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OLD TIME MEMORIES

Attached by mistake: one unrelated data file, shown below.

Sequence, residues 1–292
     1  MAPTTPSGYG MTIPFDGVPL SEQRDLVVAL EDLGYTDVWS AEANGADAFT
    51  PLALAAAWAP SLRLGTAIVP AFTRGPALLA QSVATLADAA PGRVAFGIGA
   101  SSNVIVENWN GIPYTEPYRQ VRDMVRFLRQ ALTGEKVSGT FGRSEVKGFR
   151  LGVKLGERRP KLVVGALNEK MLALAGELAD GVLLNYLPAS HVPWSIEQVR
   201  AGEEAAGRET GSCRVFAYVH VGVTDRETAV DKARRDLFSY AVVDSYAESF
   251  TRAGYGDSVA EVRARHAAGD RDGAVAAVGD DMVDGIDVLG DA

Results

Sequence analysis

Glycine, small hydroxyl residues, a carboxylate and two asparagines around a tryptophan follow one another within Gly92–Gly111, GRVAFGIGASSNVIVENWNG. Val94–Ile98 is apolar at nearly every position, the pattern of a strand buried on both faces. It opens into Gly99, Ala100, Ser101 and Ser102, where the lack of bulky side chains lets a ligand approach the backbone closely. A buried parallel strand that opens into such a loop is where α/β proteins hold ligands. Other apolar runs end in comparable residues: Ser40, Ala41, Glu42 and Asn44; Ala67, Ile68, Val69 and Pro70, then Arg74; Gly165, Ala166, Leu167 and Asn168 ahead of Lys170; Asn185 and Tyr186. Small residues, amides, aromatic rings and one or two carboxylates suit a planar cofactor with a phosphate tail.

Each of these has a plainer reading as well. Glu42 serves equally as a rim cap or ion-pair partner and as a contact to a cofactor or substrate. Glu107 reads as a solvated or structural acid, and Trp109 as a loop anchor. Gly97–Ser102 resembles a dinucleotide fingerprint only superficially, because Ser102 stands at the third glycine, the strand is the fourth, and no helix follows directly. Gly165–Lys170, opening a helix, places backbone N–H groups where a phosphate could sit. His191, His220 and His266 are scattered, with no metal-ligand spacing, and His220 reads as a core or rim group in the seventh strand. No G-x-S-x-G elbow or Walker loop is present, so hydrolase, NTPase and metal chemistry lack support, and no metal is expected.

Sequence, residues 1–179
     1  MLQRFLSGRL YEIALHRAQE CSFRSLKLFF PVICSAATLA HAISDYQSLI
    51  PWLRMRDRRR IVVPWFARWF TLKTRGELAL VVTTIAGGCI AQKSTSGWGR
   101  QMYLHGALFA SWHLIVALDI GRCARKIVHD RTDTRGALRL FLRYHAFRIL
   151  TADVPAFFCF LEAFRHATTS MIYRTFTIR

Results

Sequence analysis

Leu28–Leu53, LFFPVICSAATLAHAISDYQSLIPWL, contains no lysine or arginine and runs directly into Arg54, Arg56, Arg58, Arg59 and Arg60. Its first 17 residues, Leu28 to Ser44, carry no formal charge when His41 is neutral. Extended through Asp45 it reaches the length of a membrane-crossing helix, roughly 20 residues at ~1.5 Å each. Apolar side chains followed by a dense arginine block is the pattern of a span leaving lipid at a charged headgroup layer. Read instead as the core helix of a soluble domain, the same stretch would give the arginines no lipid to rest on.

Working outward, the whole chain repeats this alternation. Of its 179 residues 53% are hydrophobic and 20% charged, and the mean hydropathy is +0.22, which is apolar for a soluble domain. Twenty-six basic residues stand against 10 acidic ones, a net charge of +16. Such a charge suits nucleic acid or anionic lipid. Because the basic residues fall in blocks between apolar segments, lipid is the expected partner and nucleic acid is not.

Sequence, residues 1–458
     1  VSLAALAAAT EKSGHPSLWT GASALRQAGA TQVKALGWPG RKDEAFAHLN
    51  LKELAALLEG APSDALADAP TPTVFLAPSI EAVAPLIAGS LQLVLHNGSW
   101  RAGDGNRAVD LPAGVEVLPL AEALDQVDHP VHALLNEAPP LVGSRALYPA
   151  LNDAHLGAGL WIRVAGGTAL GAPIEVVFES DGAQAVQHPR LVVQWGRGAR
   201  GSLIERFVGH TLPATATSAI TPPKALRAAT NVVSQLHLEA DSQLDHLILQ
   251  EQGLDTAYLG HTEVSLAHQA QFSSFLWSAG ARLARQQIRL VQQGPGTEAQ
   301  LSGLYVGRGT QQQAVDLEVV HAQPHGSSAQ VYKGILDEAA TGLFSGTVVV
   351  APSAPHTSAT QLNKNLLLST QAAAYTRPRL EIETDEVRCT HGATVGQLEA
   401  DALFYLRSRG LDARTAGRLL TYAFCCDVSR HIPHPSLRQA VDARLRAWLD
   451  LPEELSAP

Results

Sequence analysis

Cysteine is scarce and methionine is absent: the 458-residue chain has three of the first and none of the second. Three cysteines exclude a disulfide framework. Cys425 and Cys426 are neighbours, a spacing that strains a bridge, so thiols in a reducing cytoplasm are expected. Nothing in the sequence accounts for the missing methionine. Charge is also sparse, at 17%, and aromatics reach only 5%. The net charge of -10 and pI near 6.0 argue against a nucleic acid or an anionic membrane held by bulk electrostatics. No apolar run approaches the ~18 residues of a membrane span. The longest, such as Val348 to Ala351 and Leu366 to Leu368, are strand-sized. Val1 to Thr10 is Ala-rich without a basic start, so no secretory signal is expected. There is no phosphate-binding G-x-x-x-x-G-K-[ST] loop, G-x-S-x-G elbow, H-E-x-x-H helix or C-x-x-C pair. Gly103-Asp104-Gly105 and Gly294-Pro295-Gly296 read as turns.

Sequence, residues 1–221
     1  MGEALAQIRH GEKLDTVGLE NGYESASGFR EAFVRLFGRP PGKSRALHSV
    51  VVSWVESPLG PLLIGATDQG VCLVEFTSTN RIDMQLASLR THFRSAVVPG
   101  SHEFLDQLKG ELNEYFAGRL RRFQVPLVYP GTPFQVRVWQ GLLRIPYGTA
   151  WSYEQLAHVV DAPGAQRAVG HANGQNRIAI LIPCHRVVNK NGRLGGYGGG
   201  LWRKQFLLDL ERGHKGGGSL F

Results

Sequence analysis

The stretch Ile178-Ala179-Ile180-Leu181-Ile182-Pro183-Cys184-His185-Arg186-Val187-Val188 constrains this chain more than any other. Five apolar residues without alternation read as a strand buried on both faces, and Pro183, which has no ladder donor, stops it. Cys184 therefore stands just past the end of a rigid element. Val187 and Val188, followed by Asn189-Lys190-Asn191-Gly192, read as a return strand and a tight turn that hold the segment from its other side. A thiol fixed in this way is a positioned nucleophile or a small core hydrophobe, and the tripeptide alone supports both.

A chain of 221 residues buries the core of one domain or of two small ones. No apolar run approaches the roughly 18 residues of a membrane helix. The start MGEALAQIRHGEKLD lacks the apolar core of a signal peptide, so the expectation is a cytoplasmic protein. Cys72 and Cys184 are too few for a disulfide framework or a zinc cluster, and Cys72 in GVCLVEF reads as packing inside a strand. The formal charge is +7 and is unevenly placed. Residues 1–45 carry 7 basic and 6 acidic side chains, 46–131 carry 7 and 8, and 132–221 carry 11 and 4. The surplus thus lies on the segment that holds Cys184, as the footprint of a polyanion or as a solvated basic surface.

TYLER’S DAUGHTER ON A VISIT TO BALTIMORE. I MISTRESS OF WHITE HOUSE Now Lives in Washington and Full of ‘ Interesting Reminiscences—Was in Paris After Louis Napoleon's Coup and Entertained Prince de Joinville —A Typical Gentlewoman. Mrs. Letia Tyler Semple of Washing ton, daughter of President Tyler, who is now visiting her cousin, Mrs. Earle, the wife of Dr. Samuel T. Earle, in Bal timore, says the Sun of that city, was the mistress of the white house during her father’s administration, more than half a century ago. At the close of her father's term of office Mrs. Semple went abroad, where she had the entree into many foreign courts. Both in this country and abroad she was a witness of the stirring events and mu 'velous changes which have since passed into history. When she was just a young girl the first railroad train was run in this country. Later on, during maturer years, she was present at the comple tion of the first telegraph line between Baltimore and Washington. This was during President Tyler’s administra tion, and after the preliminary mes sage had been sent President Tyler was asked to send a message. He asked who was at the Baltimore end of the line, and was informed that it was Chief Justice Taney. Then he pre sented his compliments to the chief justice, who made a polite response Mrs. Semple is a typical gentlewo man, sweet and refined. Her face is strong and full of character, but is giv en a gentle expression by the soft, white curls which cluster around the temples. Her recollection of the inter esting experiences of her eventful life Is as clear as though they occurred last week. As she invests the simplest narration with a charm which makes it seem like a bit of fiction from Hie realm of the things that happened in the story-book—once upon a time, rather than actual occurrences. She described yesterday her experi ences on the occasion of the launching of the Alleghany, the first iron ship propelled by steam in the American navy. The vessel was built at Pitts burg above the Monongahela bridge. Every scrap of iron, the timber, the • sails and cordage used on the vessel came from the region in honor of which the vessel was named. “Why wasn’t the vessel built at some seaport?” Mrs. Semple was asked. “In those days.” she answered, “the only people who believed that we ought to have a navy were the people along the •eastern coast, and they wanted ships for the protection of the Atlantic coast. The Pacific coast, you know, did not belong to us then. Frement was sent out a little later to explore the west during my father’9 administration, and this was in 1837. Pittsburg was se lected as the place for the building of the vessel to arouse an interest in our navy in the people of what was in those days the west, who saw no neces sity for coast protection.” W T hen the vessel was completed. Mrs. Semple said, the builders waited until the snow began to melt in the moun tains before they could make their plans for launching. In February the snow began to melt, the river was un usually high, and on Washington's birthday, 1837. the ship was launched. As the vessel slipped down below the ' bridge into the river it was lashed to two smaller vessels. The one held the crew, the other the officers and the ladies who were their guests. Capt. W. W. Huntley of T>ouisiana. Lieuten ant Mcßlair of Maryland and Lieuten ant Reynolds, afterward Admiral Reynolds, were among the officers aboard. Mrs. Semple and Mrs. Reyn olds were two of the ladies. Mrs. Semple had been asked to •christen the boat, but said that she had •conscientious scruples against using in ■connection with a boat either the words “christen” or “baptize.” She promised, however, to give its name to the vessel. In the meantime the little son of the master builder had smashed a bottle of whisky over the side of the boat as it slid down the w^ys. After leaving Pittsburg lie boat was taken down the river. ItsWnal destina tion was New Orleans, where it was to be fitted out for sea duty. “On the way down,” Mrs. Semple said, “we passed Wheeling. W. Va., and the river was so high that we •could look into the houses as we went along. When we were near Cincinnati a small platform was erected on the prow of the boat, and taking a bottle •of champagne in my hand, I said as I broke it over the boat: ‘ln the name •of this great republic, I call the Alle ghany, and to thee, good ship, thy cap tains and tliy sailors. I wish success.’ ” The vessel was taken as far as Mem phis, where it remained until the sum mer. when it was sent to New Orleans. After being fitted out it was sent to the Mediterranean. “We were all so proud of our first iron ship,” Mrs. 'Semple said, “that we had to send her to Europe to show how fine she was While she was mistress of the white house Mrs. Semple was one of a small party who witnessed the first subma rine explosion in American waters. The explosion took place in the Poto mac near the navy yard at Washing ton. One of the events during her life at the white house was a dinner given r>y ■President Tyler to Prince de Joinville. Tn those days, she said in speaking of it, the only occasions on which ladies appeared at tha white house table were at the dinners given to the diplomatic corps and the cabinet officers. Mrs. Semple and her sister were both pres ent at the dinner given to the prince, who was a son of Louis Philippe ot France. The dinner and other attentions shown to the prince by President Tyler were in a way intended to make amends for the lack of attention dur ing Prince de Joinville’s first visit to this country, during President Van Buren’s administration. The prince came to this country to ascertain, if possible, the truth of a rumor that the Dauphin of France, son of Marie An toinette, had been brought to this country and was still living in De troit. Mrs. Semple was in Paris alter Louis Napoleon’s coup d’etat. She saw the crowds, but owing to ill-health was not able to be present at the cere mony of baptism of the young prince imperial, the son of the emperor and the beautiful Eugenie. Mrs. Semple said that the Empress Eugenie was greatly beloved by the French people, and that her emotion at the ceremony endeared her still more to them. As the little Prince Eugene was presented to the bishop of Paris for baptism by the first marshal of France tears rained down the mother’s face. From the balcony of her hotel Mrs. Semple saw the brilliantly illuminated ballroom in which the ball was given that same night in honor of the naming of the young prince, who was destined to meet so sad a fate in Zululand. The scene was one of the most gorgeous that could be imagined. “Every na tion of the earth,” said Mrs. Semple, “was represented in those who at tended. Their costumes were magnifi cent. Suddenly, far off in the dis tance, came the sound of ‘Vive l’Em pereur!’ ‘Vive l’Empress!’ and the im perial guard came in sight. Behind them came the carriage, with its sides of glass, so arranged that we could see the emperor and empress within. The empress wore the costume she had worn at the church in the morning— blue silk, with ruffles of lace, caught with diamonds and a diamond tira.” Mrs. Semple was in Brooklyn at the outbreak of the civil war. With c~e greatest difficulty she made her way to Richmond, where she met her father. Acting upon his advice she went on to Williamsburg, where, through her in fluence, the first hospital for the con federate army was established in the spring of 1861. Mrs. Semple opened a school for girls in Baltimore at the close of the war and lived here for several years. When the Louis Home was opened in Washington William W. Corcoran, the founder of the home, invited her to be come his guest there for the remainder of her life. With the exception of an occasional visit with friends, Mrs. Semplp spends her life at the Louis Home. PERSONALITIES. Puccini, the Italian composer, spends his mornings usually in hunting or shooting, his afternoons in sleeping, and most of his nights in diligent work of composition. The bishop of London sent a thrill through church circles there recently by saying in substance that the work of the devil were badly mixed up with the city administration. Mrs. Collis P. Huntington has given Principal H. B. Frissell of the Hampton normal and agricultural institute a check for $2,500 for the establishment in Newport News, Va., of a cooking and sewing school for colored girls. Rev. Donald McLeod of the Central Presbyterian church of Meadville, t a., who succeeds Dr. Talmage at the First Presbyterian church of Washington has been the latter’s intimate friend since the days when the two were schoolboys together. Rev. Charles M. bueldon of Topeka, Kan., Who has become known through his book called In His Steps, is to read another original and sLiilar story to his parishioners this w.nter in place of the usual evening sermons. This, it will be remembered, was the way in which In His Steps was introduced to the public. John Garland Price, who will repre sent Alaska in congress, is a lawyer of Skaguay. He was born in lowa twen ty-nine years ago and is an enthusiast on the .-.abject of Alaska. He settled in Skaguay in August, 1897, and is conse quently one of the oldest pioneers of the town, as well as one of its most prominent citizens. FUNERAL OF SENATOR HAYWARD. Distinguished Honors Shown Dead Ne braska Statesman. Nebraska City, Dec. 8. —The funeral of the late Senator Hayward was con ducted Thursday afternoon from the family residence. Members of the bar attended in a body and the remains were escorted to the cemetery by a company of the Nebraska national guard, members of the G. A. R. and a large concourse of citizens. Business was practically suspended during the time of the funeral exercises and flags were at half mast. The remains lay in state from 30 to 2, and were viewed by thousands of people. The governor house at Lincoln was closed. The transport Warren has sailed Rom Manila with eight companies of the 49th infantry. MEN’S STYLES FOR WINTER. Says the New York Herald: In the general cut and style of clothes tor men there is very little change this winter. It is an old story to repeat the details of the morning or sack suit, made of rough cheviots or Scoteu goods; the frock coat and dark striped trousers for the afternoon, and the con ventional evening dress. And yet there are some little variations which need attention. In evening clothes the waistcoats are cut higher, and many of them have four buttons instead of three. These are iu the same material as the coat ana trousers. Even the white waistcoats of the season will have more material to them. The cloth waistcoats to cor respond with the rest of the suit are single breasted, and the white duck waistcoats double breasted. There is still the desire on the part of a few men and many tailors to in troduce gold or jeweled or enamel but tons with white evening waistcoats. The best dressed men, however, will have the buttons made of white pique or of the same material as the waist coat. The man who considers himself a criterion in dress will never have a white waistcoat sent to the laundry. He wears it once, or, possibly, twice. As these waistcoats, made to order by the best tailors, cost from sls to S2O, they are objects of luxury. Haber dashers have waistcoats of the same style ready made, and the man who is fortunate enough to secure a lit can ap pear to as good advaatage for $1 or so. Some of the evening suits have the trousers double braided down the* sides. This is an English fad, and not very popular. All trousers are made to lit loosely from the knee down. The shape of the evening waistcoat remains the same —that is, although higher in cut, it preserves the perfect U showing the top of the second but ton of the evening shirt. The best dressed men wear white evening waist- coats only with evening clothes. A white waistcoat and a dinner coat are not in harmony. White is the badge of ; formality, and a short black coat signi- i fies semi-dress or mufti. The Proper Evening Suirt. The evening shirt is made this year with a very wide bosom. In form this bosom is about the shape of au egg. It is a bit narrow, almost coming to a round point at the upper or collar end, and is a crescent at the lower. Across the chest the bosom is very wide, vary ing, of course, with the measurements of the wearer. This prevents bulging and secures a good fit. The evening or dress shirt, is made of white linen, and it should be as stiff as a board. There are two shirt buttons worn. The shirt with three and the shirt with the jeweled stud are seen on the stage and are affected by foreigners, but not by New Yorkers. The collar is straight standing, or it has the corners slightly open. The proper size for the collar is two and one-half inches. If you can afford it, it is better to have an evening shirt made to order. At the very fashionable haberdashers the price of these shirts to order vary from $36 to $56 a dozen. You can, of course get cheaper ones at other places. Some men can step into a shop and find ready made shirts which will fit them. It is all a question of figure. These shirts ready made at the best haber dashers are usually sold at from $3 to $6 and $9. There are some hosiers and shirt makers who will make them to order for that price. The evening shirt must have cuffs at tached. It is much better form that tue collar be attached also, but that is not essential. The shirt buttons worn with evening shirts are of white enamel or they are small pearls. Plain gold shirt buttons are not so much worn this year and jeweled ones are bad form. It would be better even to have the little simple imitation shirt button of a material re sembling mother of pearl, but not so iridescent. These can be purchased for 75 cents. Some of the haberdashers promise later in the season to introduce a pique shirt, the woof of which is in white flowers and ferns. There will be waist coats and ties to match and the effect will be something like fine embroidery or in startling patterns not unlike a white Lir.crusU '.’’Flton wall paper. They will be expensive and whether they will be fashionable or not remains to be seen. The tie for evening wear is of white lawn. The ends are square. The idea is to tie it in a very small knot and to make it even look as if It had been slightly mussed in the tying. Many men still pride themselves in destroy ing, Beau Brummel fashion, a dozen or more of ties before they get the proper knot. Some of the younger men arej twisting the ties at the knot, so as toj give them an extremely “mussed" ef fect. In selecting ties or in having them ! made care must be taken that they are ( of the proper length. If white ties go ; to the wash they must not be starched. | Coats and Collars. With the dinner coat, sometimes fool ishly called the Tuxedo, or the Cowes, or even, I believe, the Newport, black ties are always worn. This winter black silk is much preferable to black satin. The shape of the black semi dress tie is that popularly known as the batwing. Avery pretty tie for this style of dress is made from black fig ured silk. A man is allowed a little latitude with a dinner coajL A popular way of tying the batwing, and one much iu vogue this autumn, is to give the nar row part two twists, so ns to make a knot almost similar in effect to that of the evening tie. These ties, when ad justed, appear doable at the encs and: are picturesque and bouffant. The prices range from $1.25 to $2 at the best haberdashers’. The all-round or banded turned down collar is worn with the dinner coat. All the turn-down collars have rounded ends. The evening glove is divided into two classes, the dancing and the opera. The gloves for dancing are made of a lighter kid. The shade is white or a very light pearl gray. The stitching is in white or pearl gray, and they are buttoned with one large mother of pearl button. Gloves with brass or metal clasps are not fashionable. Opera gloves are a little heavier and are of light pearl gray. Prices are from $3 up at the most lashionable places. Hose for evening wear is black, of silk or lisle thread. Silk hose is ex pensive, but a good investment. There is no change in the shape of the opera hat, which is indispensable for theaters, evening affairs of all kinds and with evening dress. A good opera Hat will last several years if you do not shut it up when not in actual use, but keep it open in a band box. This prevents the creasing of the silk. The overcoat of the hour is the Rag lan. It has been adopted for evening wear as well as for the street. The Raglan was originally intended for the country, and it is the only overcoat a man can wear while riding. It is a long, loose garment, practically without shape. Those for evening wear are made of black waterproof cloth and are modulated a little at the waist, to give them a smarter appearance. It is ex tremely easy to take on and off. For the afternoon it is a bit ungainly in look, but it is the one novelty of the season. The boot of the year is made of black ' leather. Patent leather boots, how : ever, are in vogue for afternoon dress 'with frock coat and top hat. All new boots have rounded toes and are but toned. Silk Ties. The tie. or cravat, or scarf for the morning and the afternoon is most at tractive, and several shapes and styles are in fashion. Combinations of black and white are just now very much the vogue. All the fashionable haberdash ers import squares of silk, and they guarantee that no two are alike in col or or pattern. These squares cost *5 and $6. From them a man can have made an Ascot, a dub tie or an Ascot and a four-in-hand. The narrow four-in-hands and even the flat scarfs, geometrically folded are coming back in favor. These lat ter are also narrow and show a bit of the shirt bosom on the sides. Dark greens and rads, and even purple, are exhibited at the best shops. The fav orite designs are, as already stated, in black and white, next in favor being purple and black. For the younger class of men, for the afternoon, with frock coat, the Ascot will be much worn. The cravats have long, wide ends and in arranging them they should be puffed a hit ou the lefl side and fastened with a gold bar Bafety pin. With the four-in-hands a thin pin is worn below the knot. The club ties go with the business, lounge or sack suits of the morning, and some <>f these are a bit more fantastic in com bination of colors and patterns. '1 ney are nearly all made in the square end. or bat wing, shape or else in the very pointed end. They are tied in a small knot in the middle. They are always j wor i with the turndown all around col | lar. The four-in-hand is likewise seen with this same style of collar, giving to j ma iy of the men somewhat of the look jof in Eton boy. Many of these are of plain black, j quite narrow A few have attempted cherries and reds, and there is also a 'club tie in the market with pointed ends and bound in black silk with vivid center pattern. I have only seen this last in a few shop windows. Ascots can be purchased from $2 to $3, if not bought from the square, but singly. With the Ascot the tall, straight collar is worn. There are a few men who have taken up the “wing” collars, hut the tall, straight and the all-around are favorites. Cuffs are nar row and square. The street gloves are of heavy tan, in browns and reds, and buttoned, not clasped. There is an effort to keep the gray suede glove fashion. It has been all the vogue in Paris this last spring, and many men contend that it is the only glove to be worn in the afternoon with frock coat. Gloves vary in price according to the make and the place where you buy them. Walking Sticks. The walking sticks are of dark wood. There are some heavy knotted, with a silver tip on the handle and a narrow sliver band for the Initials The handles are either at a right angle with the stick or else they are a little more rounded than the old shepherd’s crook. Avery novel stick Is made of black wood, with a silver ferrule and uarrow bands of silver around the | handle. Umbrella sticks are made in the same fashion. The stick pins have varied but little. I here are some very handsome ones in i übies and diamonds, cat’s-eyes and diamonds and opals and diamonds which have been given to fortunate ushers and best men at weddings by generous bridegrooms, uttle designs in pearls and gold are never out of fashion. The top hat of the year has a brim that Is slightly curled, and the crown is less belled. The English hats have very high curled brims, and are rouad in the front and back iu stagid of jplipticul. The New York hat h.wV narrow ribbed silk band; the English hat has a cloth band. modifications in top hats are so •slight Trom year to year that many n*n have their own blocks at the hatters’ and wear the same style of hat, which can be changed a bit in de tail so as not to be out of fashion. There is no economy in a cheap silk hat. The best hatters in New York charge from $6 to $S for their top hats. The black derby for the season has a high rounded crown and a somewhat curled brim. Black will be the pre vailing color. The gray felt Alpine hat. with white ribbon band, and the very picturesque sombrero of gray, with a twisted scarf in bright colors, around the crown, will doubtless be seen and j worn by many. These hats, after the l fashionable season has begun, will find their place la the country. For semi-evening dress and dinner coat one hatter has made a black Al pine soft felt hat, with a brim and lin ing of black ribbed silk. This is not only very smart, but it solves the still debated question of the propriety of wearing a top or opera hat with a dinner coat. This latter is somewhat the fashion in London and Paris, but is against the principles of good dressing, which have always taught that top hats and short coats make a ridiculous com bination. These black Alpine hats cost SG. Cut of Waistcoats. In general the prevailing changes will be iu the cut of waistcoats for morning and afternoon, as well as for evening. These are much higher. The single-breasted waistcoat is again com ing iu favor, and the flamboyant oreastplate will go out of fashion. In London some of the single breasted waistcoats have gilt and enameled but tons. These are to be worn with frock coat and dark striped trousers. Single; breasted white waistcoats are not out of place witl* black frock coats. The colored shirt, which shoulc be worn in the morning with business suits, is still barred and striped. Blues and pinks are the favorite shades. A white shade with narrow black stripes running up and down is quite smart. The frock coat is a hit long at the back, double breasted, fits snugly to the figure, with a visible long waist and tighter sleeves. It is faced with silk to the lapels, and is made of vi cuna and unfinished worsted and other black coatings. Some of the English coats have ribbon bindings, making the coat a bit conspicuous. The materials for business suits are of Scotch and homespun. The prevail ing shade is gray with mixtures. A few shepherd’s plaid clothes are also being worn, and are becoming to men who are not too stout. The season’s morning coat is cut in sack fashion, single breasted. The trousers are a lit tle loose from the upper part of the leg. A few men have black silk braid on their dress trousers. This is the Lon don fad which has never taken well in this country. For mild weather some very smart suits are made of brown checked materials, hut as a rule brown holds second place, gray being the fa vorite. The overcoat for afternoon wear— when the Raglan is not considered— will be the Chesterfield. It is silk lined with fly front, single breasted, with double stitching along the edges. Oxford grays are the most popular shades. Black and mixtures will also be worn, but the blue Melton overvoat is not as smart, and will not he the fa vorite. The Chesterfield overcoat will have two large pockets over the hips, with flaps, no outside breast pocket, and a velvet collar. It is made rather loose around the shoulders and collar and loose over the chest, and it comes down just below the knees. MAJ. M'ORATH’S BODY ARRIVES. 'ranspori Zealandla firings Remains or Wisconsin Officer in Port. San Francisco, Dec. 12. —The trans port zealandla from Manila has ar nvea. Sbe has on board the body of Capt. H. J. McGrath of the fourth cav alry. VVasnington, Dec. 32.—Members of the congressional delegation received letters from Gen. Griffin, inviting them, on behalf of the family of the late Maj. Hugh J. McGrath, who was killed in the Philippines to psrtlel pate in the burial ceremonies in this city this week. Representative Hedge of lowa, a distant relative of the late captain, Is looking after arrangements here. RICHARD D. EVANS IS DYING. Baraboo, Wis., Dec. 12.—Special to the Democrat—City Attorney Richard D. Evans is r e ,-y near death with heart disease and cannot survive, lie Is one of the republican leaders of Sauk county, a strong supporter of former Congressman I.a Foliette's gu bernatorial candidacy In the last st r, e convention and was in direct line for , the next congressional nomination in this, the Babcock district. THE LITTLE BARE FEET. Little bare feet, sunburned and brown. Patterin’, patterin,’ up and down Dancin’ over the kitchen floor, Light as foam flakes on the shore, Right on they go from morn till late From the garden path ter the old front gate; There hain’t no music ter me so awe*t As the patterin’ sound of them iTS bare feet. When I mend my nets by the foamin'' sea, Them little bare feet trot there with me. And a shrill little voice I love’ll say, Dranpa, spin me a yarn terday.” And I know when my dory comes ter land, 1 here’s a spry little form somewhere on hand; And the very fust sound my ears’ll meet Is the welcomin’ run of them little hare feet. Oh, little bare feet! how deep you’ve pressed Yor prints of love In niy worn old breast! And I sometimes think, when I come ter die, ’Twill be lonesome-like in the by aid by; That up in heaven I’ll long ter hear That little child’s voice so sweet and clear; | That even there, on the golden street. I'll miss the pat of them little bare feet. —Joe Lincoln in Philadelphia Satur day Evening Post. LOSS FROM BAD ROADS. In Some Parts of the Country the Peo ple Are Waking Up. It has taken a long time lor tha American people to awaken to the value of good and the money loss of bad roads. In some parts of this coun try the people have waked up, but in other parts they are still asleep, or Just turning over for the second nap. We are glad to see that on this subject the Windsor Ledger is wide awake. In u recent issue it says: “One of our merchants has just re turned from a country where he wit nessed a protracted demonstration ot the utility, comfort and pleasure of modern roads. Me is now figuring the annual to his business on account of the condition of the roads in Bertio county, leading into Winsdor. As this gentleman is a level-headed, practical man, quick to see and take advantage of anything that will add to his bus iness or increase the value of his prop erty, we confidently expect good results from his Investigations of the subject. When he sees a good thing he knows it and Is not slow to turn It to advantage. It Is a hopeful sign when such men be gin to show interest in improved roads. We hope that the Windsor merchant will publish his conclusions when he gets through figuring hiß bad-road losses. Then the merchants of Ashe ville and other cities and towns can use his figures as a basis on which to calculate their losses from had roads. I**t us stop bragging about the super iority of America and American insti tutions over Europe and its institu tions until our public roads are equal to those of Europe—Asheville (N. C.) Citizen. VAGARIES OF ROYAL TASTE. There is not a royal personage but has his or her more or less startling vagaries of taste. Queen Victoria, ac cording to Court News, is inclined to vegeterlanlsm, although her kitchen is the greatest establishment of the kind in Europe, and flesheating Indian ser vants, who kill their own food in their apartments at whatever palace or hotel they happen to he, are never disturbed in their bloody observances. The prince of Wales frequently makes a square meal of snails and frogs’ legs, adding a bottle or ro of rare old champaign. These dishes he enjoys, especially at Paris, where an extra supply of these dainties is sure to he on band upon his duly anounced arrival in the French capital. William 11. prefers wild fowl to any other meat. Ills favorite "gour mandise" is said to be thrush hash, a dish peculiar to the Berlin court, and when served in thiH fashion the Kaiser can tackle as many as four birds with out apprehension. Asa true Teuton, he never lacks of thirst for good beer and Rhine wine, and at convivial ses si ns it requires a sturdy stomach to respond to his toast and frequent personal admonitions without danger to brains and breeding, for the indi vidual thus honored has each time to empty his glass to the pin. Francis ioseph of Austria dotes on veal cooked with wine. Czar Nicholas ’I. favors ••Tench cooking, his favorite being N'imes brandade, a formidable concoc tion of chopped codfish and olive oil. The Sultan is fond of eggs, no matter whether cooked nr raw. King Hum bert of Italy goes in hearty for frothy pudings and orcanes, his weakness be ing for a preparation of steeped tea, gg yolks and sugar In abundance. Queen Wllhelmlna of Holland, a hearty eater like most of her loyal subjects, wnl rarely refuse a second helping of beef a I'Anglaise or spiced lamb. She abhors gin, the Dutch na 'ional drink, but is fond of beer and >cr German lover, the Prince of Wed. Robhy— Pa, this bok says Saint Pe ter has the keys of heaven: hnn *>e?, Pa —1 believe so. Robhy—is hr thrf janitor up there, papa? ■ ' — ■ J. M. Palmer wrote an anti-Bryan letter.